Bouncing off that, could you maybe tease a few easter eggs we should be looking for?
Liebesman: Baxter Stockman, T.C.R.I., Turtle Soup. Those are the three headline ones.
Fuller: Baxter Stockman is in the movie. He's in the movie.
I thought there was a really nice nod in the opening titles to the original turtles. They certainly looked like the original turtle designs.
Liebesman: Kevin Eastman actually drew some of those frames himself, the creator himself.
Well that makes sense because they look so similar.
Form: He worked with us on that opening.
It basically tells their entire life story. How early was [Eastman] involved in the title work?
Liebesman: Do you want to know the truth? That title sequence went back and forth so many times. He was was involved from the start, but really it solidified right at the end. The last thing done in the movie. But we always knew that we wanted Kevin Eastman to be integral. That's the thing, Kevin Eastman was sitting in their office from the beginning. That was the most important thing, was to honor as much of the Ninja Turtles as possible from all the different mediums.
Form: A lot of care and thought went into making this movie.
Liebesman: There's a lot of shit that comes our way, and the truth is we sat in the room with the creator. We took nothing lightly, didn't create anything for the sake of creating something. In fact we thought, well I thought, it would be really cool to take stuff from all different places.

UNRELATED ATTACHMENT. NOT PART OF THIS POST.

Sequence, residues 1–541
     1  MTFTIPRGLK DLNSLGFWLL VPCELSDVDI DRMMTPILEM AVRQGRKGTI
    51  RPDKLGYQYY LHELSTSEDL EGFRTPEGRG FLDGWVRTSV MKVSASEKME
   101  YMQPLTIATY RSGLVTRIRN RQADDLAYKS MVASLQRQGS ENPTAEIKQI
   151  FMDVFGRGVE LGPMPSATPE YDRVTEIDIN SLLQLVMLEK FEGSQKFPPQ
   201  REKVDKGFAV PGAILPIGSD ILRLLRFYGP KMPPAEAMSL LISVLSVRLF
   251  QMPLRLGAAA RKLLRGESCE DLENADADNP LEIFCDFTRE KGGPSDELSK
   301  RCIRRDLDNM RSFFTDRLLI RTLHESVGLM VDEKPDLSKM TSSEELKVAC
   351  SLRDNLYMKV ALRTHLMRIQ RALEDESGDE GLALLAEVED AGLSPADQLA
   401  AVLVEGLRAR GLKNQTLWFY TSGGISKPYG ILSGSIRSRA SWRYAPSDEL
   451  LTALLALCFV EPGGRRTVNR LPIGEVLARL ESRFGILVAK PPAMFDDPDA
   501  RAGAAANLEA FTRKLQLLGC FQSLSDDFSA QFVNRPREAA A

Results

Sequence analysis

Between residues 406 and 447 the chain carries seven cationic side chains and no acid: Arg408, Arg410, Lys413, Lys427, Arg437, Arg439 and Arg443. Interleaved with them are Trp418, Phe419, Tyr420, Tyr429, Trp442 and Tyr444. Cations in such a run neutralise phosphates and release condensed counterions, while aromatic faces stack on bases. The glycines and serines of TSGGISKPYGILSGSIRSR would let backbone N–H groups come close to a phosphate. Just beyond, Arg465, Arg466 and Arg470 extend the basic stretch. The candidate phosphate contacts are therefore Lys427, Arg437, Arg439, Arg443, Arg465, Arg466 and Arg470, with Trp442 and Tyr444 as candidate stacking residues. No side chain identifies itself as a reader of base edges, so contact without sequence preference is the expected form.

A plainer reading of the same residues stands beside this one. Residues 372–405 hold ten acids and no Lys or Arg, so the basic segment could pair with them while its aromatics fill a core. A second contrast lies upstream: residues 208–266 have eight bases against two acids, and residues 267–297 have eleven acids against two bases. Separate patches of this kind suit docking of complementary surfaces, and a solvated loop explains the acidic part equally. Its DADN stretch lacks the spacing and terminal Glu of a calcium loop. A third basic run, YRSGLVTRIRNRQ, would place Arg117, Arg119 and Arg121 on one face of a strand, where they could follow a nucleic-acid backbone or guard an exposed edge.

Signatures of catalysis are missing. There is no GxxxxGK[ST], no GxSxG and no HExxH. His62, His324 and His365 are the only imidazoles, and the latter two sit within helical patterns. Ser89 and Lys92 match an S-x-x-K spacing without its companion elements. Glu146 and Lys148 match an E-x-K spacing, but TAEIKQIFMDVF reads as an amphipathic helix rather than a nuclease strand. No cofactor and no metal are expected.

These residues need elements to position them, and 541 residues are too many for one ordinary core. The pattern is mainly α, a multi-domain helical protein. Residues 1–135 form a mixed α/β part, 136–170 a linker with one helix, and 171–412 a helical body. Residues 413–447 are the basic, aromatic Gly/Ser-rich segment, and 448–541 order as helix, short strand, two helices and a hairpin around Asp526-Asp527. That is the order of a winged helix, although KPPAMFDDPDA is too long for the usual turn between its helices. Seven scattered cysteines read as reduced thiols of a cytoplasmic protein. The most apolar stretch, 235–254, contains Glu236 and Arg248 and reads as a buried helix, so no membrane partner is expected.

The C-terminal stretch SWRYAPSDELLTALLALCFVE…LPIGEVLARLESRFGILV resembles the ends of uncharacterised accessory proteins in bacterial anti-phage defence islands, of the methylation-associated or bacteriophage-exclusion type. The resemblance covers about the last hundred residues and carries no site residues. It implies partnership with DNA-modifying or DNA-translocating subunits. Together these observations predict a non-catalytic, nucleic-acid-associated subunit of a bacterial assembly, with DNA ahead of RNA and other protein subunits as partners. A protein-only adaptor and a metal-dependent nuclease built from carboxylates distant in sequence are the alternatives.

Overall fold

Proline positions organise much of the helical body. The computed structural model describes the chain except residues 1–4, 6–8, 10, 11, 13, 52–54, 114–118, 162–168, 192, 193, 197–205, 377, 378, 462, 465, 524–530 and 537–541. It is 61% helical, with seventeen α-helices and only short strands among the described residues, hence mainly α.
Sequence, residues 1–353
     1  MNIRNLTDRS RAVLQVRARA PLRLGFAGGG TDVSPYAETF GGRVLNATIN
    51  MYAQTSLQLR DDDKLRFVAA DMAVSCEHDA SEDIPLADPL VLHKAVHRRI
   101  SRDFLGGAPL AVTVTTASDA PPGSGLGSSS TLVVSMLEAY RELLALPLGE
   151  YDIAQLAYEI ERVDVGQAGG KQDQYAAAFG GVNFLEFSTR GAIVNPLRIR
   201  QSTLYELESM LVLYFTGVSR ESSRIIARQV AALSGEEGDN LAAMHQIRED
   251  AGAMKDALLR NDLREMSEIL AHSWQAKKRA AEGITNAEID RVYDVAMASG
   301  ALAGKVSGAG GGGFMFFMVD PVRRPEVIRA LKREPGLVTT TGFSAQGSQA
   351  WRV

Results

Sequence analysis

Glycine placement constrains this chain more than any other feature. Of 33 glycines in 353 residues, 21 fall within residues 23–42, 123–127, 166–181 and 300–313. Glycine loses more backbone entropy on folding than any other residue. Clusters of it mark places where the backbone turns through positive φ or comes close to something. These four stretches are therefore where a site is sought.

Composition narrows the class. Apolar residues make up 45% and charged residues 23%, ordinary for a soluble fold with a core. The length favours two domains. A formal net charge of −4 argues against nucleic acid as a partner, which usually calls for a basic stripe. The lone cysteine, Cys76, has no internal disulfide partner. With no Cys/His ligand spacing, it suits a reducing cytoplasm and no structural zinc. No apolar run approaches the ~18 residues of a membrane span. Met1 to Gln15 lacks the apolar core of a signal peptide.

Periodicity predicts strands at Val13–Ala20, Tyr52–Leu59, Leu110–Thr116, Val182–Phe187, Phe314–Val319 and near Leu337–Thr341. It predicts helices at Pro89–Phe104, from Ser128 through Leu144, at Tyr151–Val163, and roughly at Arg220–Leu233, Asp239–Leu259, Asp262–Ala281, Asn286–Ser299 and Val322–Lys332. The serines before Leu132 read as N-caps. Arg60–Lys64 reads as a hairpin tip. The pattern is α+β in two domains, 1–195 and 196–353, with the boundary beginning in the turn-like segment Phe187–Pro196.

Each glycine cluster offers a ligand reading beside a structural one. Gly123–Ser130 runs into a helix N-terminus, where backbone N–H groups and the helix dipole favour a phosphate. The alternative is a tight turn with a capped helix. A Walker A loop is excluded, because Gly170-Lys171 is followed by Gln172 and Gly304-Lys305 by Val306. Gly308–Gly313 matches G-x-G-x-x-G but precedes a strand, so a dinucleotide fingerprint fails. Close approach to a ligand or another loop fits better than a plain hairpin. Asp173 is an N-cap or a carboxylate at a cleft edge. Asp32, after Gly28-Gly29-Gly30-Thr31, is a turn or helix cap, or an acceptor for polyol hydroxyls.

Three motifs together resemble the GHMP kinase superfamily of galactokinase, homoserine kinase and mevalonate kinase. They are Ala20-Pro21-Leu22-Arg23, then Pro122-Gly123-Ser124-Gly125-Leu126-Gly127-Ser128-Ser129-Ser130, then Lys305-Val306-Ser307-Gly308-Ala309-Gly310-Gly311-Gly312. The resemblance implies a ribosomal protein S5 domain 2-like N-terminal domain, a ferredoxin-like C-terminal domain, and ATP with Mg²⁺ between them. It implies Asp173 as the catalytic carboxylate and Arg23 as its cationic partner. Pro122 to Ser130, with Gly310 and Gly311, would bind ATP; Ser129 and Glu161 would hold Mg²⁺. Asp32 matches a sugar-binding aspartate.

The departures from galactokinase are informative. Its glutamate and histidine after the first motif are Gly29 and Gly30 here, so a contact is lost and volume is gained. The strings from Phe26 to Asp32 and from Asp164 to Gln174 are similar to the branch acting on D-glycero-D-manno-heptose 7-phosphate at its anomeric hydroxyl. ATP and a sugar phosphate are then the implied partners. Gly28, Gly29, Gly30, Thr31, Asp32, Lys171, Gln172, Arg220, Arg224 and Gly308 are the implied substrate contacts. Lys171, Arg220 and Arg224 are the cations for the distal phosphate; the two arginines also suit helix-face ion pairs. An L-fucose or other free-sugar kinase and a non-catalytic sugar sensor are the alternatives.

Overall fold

Fuller: If you just take it from one place, then it's a reboot.
Liebesman: I think the movie gets a lot of shit when people say, "Oh, I can't believe that happened. Oh, that's convenient." No. We did our research. We did what you fans wanted us to do and went and looked through every fuckin' creation story and picked what we thought was really great in some of them. With the permission of the creator.
How many times did you have to re-do Splinter until he wasn't horrifying? He comes out kind of cute in this, but I can only imagine early stages he may have been terrifying.
Liebesman: He never actually was horrifying. It's just sometimes in early designs it's hard because he looks like a wolf. He's more like scraggily there [in the '90s movie]. ...There are a lot of '80s influences in this movie.